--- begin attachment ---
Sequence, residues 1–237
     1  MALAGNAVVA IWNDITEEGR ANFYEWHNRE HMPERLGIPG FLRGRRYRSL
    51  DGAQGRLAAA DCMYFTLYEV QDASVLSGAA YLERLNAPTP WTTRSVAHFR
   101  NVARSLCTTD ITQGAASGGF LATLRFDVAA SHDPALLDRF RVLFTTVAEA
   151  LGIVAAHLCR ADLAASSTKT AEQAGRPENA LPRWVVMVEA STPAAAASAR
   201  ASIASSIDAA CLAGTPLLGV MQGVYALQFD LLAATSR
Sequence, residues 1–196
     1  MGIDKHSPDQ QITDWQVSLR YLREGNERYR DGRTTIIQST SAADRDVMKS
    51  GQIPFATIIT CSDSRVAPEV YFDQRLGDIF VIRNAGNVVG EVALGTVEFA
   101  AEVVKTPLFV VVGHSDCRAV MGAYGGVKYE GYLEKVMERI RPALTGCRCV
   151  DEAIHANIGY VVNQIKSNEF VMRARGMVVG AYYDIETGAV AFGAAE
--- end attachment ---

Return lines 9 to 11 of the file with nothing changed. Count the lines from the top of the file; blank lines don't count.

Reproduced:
    51  GQIPFATIIT CSDSRVAPEV YFDQRLGDIF VIRNAGNVVG EVALGTVEFA
   101  AEVVKTPLFV VVGHSDCRAV MGAYGGVKYE GYLEKVMERI RPALTGCRCV
   151  DEAIHANIGY VVNQIKSNEF VMRARGMVVG AYYDIETGAV AFGAAE